This was painted during the quarantine. I ran out of paint at a certain point and it was not possible to finish it for the assessment. Quarantine was and continues to be, a time of frustration, that leads to slow development of the work. Ideas still surge but the ability to focus is weaker, and stress overwhelms you. I feel I failed this project, I wasn't at the level of my intentions.
I was excited to produce this painting as a representation of a pivotal moment of the practice. One where I believed the rubbing of the edges to finally occur. What I mean by this is, that all my practice up until this moment has been developed through two lenses:
- mine (the carer's view);
- hers (the cared for perspective);
And now, I believe I come to the realization that the experiences have more in common than what I initially thought, that's the point I am mentally at.
Creating this scene would bring together two stories into one. The scene for the painting is a bathroom, where a young girl sits on the toilet in a reflective pose, glancing at a distance, like she is in her head at that moment, lost in her thoughts. The mirror here is a symbol that gives us the information, along with the title, to connect the stories - it's her reflection. But her reflection's gaze is pointed at the same direction, not the usual reflection's opposite - intending that there's a trick of the eye here, that something in this painting is lying to us. This painting's inspiration arises from those times when we lie to ourselves the most, for protection. It's about how we believe, in things that aren't true, how we live in such an illusion that we forget to take risks, to try things, be fearless and actually live life. How is it, that lies are more comforting to us than the truth?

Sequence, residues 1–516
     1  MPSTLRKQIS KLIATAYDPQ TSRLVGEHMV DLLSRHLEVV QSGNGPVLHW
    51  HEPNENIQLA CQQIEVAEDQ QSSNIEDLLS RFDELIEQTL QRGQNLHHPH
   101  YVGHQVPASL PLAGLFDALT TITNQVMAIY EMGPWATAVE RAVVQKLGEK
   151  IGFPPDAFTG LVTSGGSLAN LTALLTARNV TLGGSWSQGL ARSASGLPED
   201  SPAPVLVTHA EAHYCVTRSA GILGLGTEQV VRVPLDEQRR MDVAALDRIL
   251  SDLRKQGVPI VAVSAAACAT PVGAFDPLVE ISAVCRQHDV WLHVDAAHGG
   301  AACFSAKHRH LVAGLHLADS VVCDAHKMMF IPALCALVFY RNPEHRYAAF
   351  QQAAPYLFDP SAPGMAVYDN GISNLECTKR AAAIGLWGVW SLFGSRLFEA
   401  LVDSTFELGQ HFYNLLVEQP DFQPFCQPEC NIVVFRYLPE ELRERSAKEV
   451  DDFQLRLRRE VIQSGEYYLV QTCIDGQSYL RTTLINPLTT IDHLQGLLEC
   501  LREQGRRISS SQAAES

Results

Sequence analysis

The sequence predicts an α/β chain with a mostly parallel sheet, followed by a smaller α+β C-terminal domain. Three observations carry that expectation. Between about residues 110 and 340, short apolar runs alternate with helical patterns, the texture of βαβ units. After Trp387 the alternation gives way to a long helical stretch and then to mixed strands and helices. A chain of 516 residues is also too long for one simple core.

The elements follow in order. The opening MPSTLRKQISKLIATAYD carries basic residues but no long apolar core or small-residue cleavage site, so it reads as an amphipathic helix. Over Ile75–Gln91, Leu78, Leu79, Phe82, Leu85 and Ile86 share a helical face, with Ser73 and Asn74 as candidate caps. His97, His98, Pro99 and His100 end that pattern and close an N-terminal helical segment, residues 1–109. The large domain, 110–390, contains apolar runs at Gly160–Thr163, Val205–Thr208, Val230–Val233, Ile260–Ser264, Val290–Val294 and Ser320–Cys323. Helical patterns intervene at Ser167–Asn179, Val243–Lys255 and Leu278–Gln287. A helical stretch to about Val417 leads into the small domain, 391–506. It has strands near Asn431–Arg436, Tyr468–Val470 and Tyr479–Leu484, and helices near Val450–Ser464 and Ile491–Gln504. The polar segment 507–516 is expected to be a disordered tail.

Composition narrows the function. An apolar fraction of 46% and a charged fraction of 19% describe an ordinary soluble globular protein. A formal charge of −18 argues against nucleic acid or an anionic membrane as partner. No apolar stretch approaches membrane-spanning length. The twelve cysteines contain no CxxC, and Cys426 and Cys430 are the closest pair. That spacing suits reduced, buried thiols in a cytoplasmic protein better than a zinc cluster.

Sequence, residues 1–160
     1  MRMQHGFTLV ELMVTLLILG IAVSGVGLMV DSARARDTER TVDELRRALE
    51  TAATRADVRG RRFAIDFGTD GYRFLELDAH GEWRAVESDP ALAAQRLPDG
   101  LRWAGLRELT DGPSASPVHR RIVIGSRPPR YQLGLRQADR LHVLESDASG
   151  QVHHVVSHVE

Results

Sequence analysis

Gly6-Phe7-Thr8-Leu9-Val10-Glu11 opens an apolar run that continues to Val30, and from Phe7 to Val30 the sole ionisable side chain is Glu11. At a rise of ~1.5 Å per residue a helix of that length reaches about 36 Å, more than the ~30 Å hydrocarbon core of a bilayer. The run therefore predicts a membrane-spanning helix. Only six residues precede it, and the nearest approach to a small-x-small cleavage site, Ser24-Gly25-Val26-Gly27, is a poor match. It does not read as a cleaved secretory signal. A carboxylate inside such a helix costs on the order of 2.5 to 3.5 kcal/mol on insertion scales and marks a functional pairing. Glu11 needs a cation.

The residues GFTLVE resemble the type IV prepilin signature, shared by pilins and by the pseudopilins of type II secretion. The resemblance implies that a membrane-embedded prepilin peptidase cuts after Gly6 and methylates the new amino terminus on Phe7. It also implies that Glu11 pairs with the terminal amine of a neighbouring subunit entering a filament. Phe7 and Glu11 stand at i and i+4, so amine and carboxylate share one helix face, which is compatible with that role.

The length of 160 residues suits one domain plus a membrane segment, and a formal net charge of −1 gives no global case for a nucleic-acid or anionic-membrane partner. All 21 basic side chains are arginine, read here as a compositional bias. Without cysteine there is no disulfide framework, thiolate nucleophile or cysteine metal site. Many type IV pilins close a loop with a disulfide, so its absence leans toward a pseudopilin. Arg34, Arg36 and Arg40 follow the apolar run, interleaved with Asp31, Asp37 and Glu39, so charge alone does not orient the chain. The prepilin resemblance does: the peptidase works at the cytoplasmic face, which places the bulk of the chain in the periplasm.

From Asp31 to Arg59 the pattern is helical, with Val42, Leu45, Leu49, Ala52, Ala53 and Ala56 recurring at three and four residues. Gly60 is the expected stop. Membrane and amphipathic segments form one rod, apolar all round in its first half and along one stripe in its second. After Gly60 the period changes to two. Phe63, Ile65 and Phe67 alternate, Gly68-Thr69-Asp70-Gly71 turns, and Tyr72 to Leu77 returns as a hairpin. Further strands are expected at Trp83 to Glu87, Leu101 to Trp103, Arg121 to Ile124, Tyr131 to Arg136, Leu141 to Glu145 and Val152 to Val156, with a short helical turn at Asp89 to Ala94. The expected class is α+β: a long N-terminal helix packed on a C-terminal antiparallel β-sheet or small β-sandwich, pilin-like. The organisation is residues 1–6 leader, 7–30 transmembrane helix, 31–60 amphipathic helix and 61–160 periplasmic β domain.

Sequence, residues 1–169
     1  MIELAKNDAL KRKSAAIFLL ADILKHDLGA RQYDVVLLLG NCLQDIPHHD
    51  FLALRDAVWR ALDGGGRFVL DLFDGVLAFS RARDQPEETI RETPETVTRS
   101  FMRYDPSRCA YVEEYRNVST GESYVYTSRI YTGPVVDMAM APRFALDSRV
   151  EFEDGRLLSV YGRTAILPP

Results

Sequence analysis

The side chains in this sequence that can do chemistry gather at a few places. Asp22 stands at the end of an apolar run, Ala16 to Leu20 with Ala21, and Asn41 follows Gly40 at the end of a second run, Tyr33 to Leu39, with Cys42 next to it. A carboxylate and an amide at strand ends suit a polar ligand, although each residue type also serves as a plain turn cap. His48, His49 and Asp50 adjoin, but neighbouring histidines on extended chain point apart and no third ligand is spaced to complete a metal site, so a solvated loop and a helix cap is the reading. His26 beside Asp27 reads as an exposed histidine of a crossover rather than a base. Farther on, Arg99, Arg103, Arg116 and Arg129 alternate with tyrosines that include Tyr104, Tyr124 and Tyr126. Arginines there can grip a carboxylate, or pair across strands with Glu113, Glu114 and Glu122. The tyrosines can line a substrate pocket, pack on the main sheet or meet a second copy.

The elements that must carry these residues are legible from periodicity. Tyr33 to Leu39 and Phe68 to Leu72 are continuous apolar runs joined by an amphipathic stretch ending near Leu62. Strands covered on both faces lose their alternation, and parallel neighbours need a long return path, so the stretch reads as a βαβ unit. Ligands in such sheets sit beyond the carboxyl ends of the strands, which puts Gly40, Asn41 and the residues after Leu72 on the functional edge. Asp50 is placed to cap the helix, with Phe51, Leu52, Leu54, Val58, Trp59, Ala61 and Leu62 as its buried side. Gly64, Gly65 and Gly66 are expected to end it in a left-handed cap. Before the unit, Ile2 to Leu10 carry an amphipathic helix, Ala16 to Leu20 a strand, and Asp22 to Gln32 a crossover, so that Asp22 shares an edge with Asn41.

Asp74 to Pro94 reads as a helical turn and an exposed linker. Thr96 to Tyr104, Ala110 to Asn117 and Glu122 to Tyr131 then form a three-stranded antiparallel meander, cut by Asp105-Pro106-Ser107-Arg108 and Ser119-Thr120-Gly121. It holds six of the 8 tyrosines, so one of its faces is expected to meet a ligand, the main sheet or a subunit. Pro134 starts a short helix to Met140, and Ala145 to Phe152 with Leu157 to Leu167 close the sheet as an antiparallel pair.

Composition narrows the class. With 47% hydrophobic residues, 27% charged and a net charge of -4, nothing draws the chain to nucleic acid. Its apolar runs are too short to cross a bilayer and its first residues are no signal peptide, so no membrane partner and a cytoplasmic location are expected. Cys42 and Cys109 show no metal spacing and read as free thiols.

The best teacher is your own experience. If you fail, when you fail you get the opportunity to change the way you see things, to grow. And suddenly all the things that you've convinced yourself of before, aren't true anymore and you realize how you've deceived yourself. That has been, the common edge between my experience as a daughter and carer and my mother's experience as the cared for and carer at the same time, thus titling it Maria as we both have the same name. The moment in life where two pieces of knowledge blend into one, the same experience. Life is, for me, about these moments, because you know that we both evolved.
"That's my greatest fear,
That if I lost control
Or did not have control of life
Things would just, you know...
Conversation about life with mom
Maria's Dillema (unfinished)
Painting on MDF board
Medium: Acrylic and mixed media
Dimensions: 1,20 x 75 cm
As I continue experimenting on non-abstractional, geometric backgrounds I start to define a more realistic way of painting. Another fuel of excitement for me as I am starting new work is always experimentation.
Here, I wanted to continue pushing the boundaries of acrylic medium and paint in a blended way, like it's usually done in oil painting. Based on the style of Paula Rego's characters I took it upon myself to experiment in the girl's skin tones, starting from a base yellow tone for the skin and building the rest of the skin's layers Alla prima (intuitively as I go).